“Keep it down,” Velora said, staring at him coldly. “You think it’s all about killing, is that it? Well, let me tell you, Private, this is my first major combat mission and I’m just as scared as you are, but I’m never going to get ahead in any game if I’m dead. As far as proving myself, I didn’t do very well at that when I ran away from the fight yesterday,” she whispered sharply.

Avan’s cynical smile vanished in a blink. “Run away? What were you supposed to do, stay there and die? That’s not commitment, that’s stupid. People were running for their lives all over the place.”

“Not corporals,” said Velora, looking at the floor.

“Oh shit,” mumbled Avan. “I rest my case.”

Velora sniffed disdainfully and muffled her voice with a gloved hand. “You remind me of my brother, the would-be artist. Nice, gentle guy who hates everything my father ever stood for and isn’t afraid to say so. He was the one who was supposed to be the soldier, not me. But he’s not here and I am, and whatever happens, I’ll do what I have to do. Got that?”

Seconds stretched to one horrible moment of stunned silence, and then Avan smiled at her sadly, hands playing with the controls on the radio. “Yeah, I’ve got it. Among my several weaknesses, I also have a big mouth. I’m here too, Vel. I just want to go home alive,” he whispered back.

“Okay, then — we just stay here quietly until our people are in the street. There won’t be many Kraa out there once the hills are cleaned, but if we’re spotted, it only takes one salvo from a Chug and they’ll take us home in a bottle. And we’ve got this little girl here. She understands everything we’re saying, you know?” She looked down at the tiny child snuggled against her, a death-grip on the doll with one hand and the thumb of the other firmly locked in a speechless mouth. The pretty head turned again towards the bloody remains in one corner of the room. Velora turned her around, hugged her tightly, looked into those sad, dark eyes and swallowed hard.

“God, Avan,” she whispered, “she’s only a baby.”

Velora checked her watch. Only forty-five minutes until the microwave burn. But from the instant she looked at the watch, it was only fifteen minutes until their own private war with the Kraa began.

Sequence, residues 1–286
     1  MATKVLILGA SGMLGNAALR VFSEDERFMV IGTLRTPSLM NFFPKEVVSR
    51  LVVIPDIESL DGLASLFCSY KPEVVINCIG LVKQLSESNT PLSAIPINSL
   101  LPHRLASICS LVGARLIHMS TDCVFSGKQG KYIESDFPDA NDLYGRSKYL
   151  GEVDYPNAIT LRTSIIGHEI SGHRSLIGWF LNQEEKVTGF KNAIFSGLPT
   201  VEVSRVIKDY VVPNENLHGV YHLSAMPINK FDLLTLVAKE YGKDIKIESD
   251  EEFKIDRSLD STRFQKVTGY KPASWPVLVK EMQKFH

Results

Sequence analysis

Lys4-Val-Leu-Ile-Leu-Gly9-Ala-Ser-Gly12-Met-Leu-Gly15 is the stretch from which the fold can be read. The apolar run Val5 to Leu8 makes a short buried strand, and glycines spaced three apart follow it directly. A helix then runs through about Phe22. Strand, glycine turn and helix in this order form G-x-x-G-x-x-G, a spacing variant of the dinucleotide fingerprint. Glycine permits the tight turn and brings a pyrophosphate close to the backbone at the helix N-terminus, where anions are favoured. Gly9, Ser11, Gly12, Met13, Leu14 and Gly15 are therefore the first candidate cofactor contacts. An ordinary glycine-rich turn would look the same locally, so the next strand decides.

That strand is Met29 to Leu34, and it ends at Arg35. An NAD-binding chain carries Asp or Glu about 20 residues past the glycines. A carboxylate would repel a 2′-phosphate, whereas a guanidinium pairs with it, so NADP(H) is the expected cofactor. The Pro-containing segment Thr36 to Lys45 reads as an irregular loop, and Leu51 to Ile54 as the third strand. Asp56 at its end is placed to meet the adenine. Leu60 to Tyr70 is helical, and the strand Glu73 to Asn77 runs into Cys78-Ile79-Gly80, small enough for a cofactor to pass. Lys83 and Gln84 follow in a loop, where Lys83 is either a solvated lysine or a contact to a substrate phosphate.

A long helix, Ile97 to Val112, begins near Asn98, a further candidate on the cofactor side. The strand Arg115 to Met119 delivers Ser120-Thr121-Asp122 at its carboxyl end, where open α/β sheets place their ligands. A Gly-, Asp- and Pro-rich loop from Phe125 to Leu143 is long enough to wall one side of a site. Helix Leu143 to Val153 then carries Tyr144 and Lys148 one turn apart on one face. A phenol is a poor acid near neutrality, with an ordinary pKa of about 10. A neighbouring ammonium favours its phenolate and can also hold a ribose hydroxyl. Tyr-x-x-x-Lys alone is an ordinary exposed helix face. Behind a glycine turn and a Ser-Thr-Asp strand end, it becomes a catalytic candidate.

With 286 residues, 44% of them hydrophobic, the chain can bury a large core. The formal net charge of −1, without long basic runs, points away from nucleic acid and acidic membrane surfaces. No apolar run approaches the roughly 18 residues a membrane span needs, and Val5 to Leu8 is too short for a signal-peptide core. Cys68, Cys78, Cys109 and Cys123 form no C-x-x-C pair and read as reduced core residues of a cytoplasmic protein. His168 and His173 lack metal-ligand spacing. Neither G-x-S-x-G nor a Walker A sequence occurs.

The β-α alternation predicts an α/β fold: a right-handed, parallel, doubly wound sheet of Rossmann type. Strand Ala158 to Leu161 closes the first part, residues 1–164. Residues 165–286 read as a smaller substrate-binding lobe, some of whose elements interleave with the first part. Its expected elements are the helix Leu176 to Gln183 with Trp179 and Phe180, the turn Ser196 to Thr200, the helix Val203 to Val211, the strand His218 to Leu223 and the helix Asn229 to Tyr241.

* * *

In all the horror she had dozed, awakening with a start when Avan prodded her. He was right next to her under the window, whispering frantically into her ear, “Vel, wake up, there’s screaming out in the street!”

She jumped to a crouch so quickly that the child nearly fell over, gasping in surprise. It was the first sound she had made. Velora peered over the window sill and saw a small group of civilians in a cluster in the middle of the street, surrounded by six armed Kraa. Women and two older children. The Kraa were poking them with their weapons, moving them across the street in a group and directly towards her hiding place. Down the street, the crew of the idling Chug was climbing up onto the machine and dropping down inside it. Directly in front of her, the engine of the previously silent Chug roared into life, and a snake-like arm reached out to slam shut the entrance hatch. The vehicle lurched forward and rolled quickly down the street to her left.

The cluster of terrified civilians drew nearer and Velora could hear the women pleading in their rough, Toronton dialect: “Please, leave us here and save your own lives. Not the children! Please, not the children!” A Kraa growl that was a laugh answered their cries for mercy, and Velora’s face flushed with the sudden realization of what was about to take place. This room in which they had hidden themselves would soon be a killing ground again. The Kraa knew their enemy well: to kill civilians in the open would invite an immediate attack by microwave.

“Avan, take the girl to the kitchen and don’t fire until I do. They’re coming in the front, six of them and a bunch of civvies. Move!”

Avan grabbed the little girl’s hand and duck-walked across body parts and the slippery floor, the child stumbling along behind him. They disappeared down the hallway. Velora backed into a corner by the window, the MAW-44 covering the front door.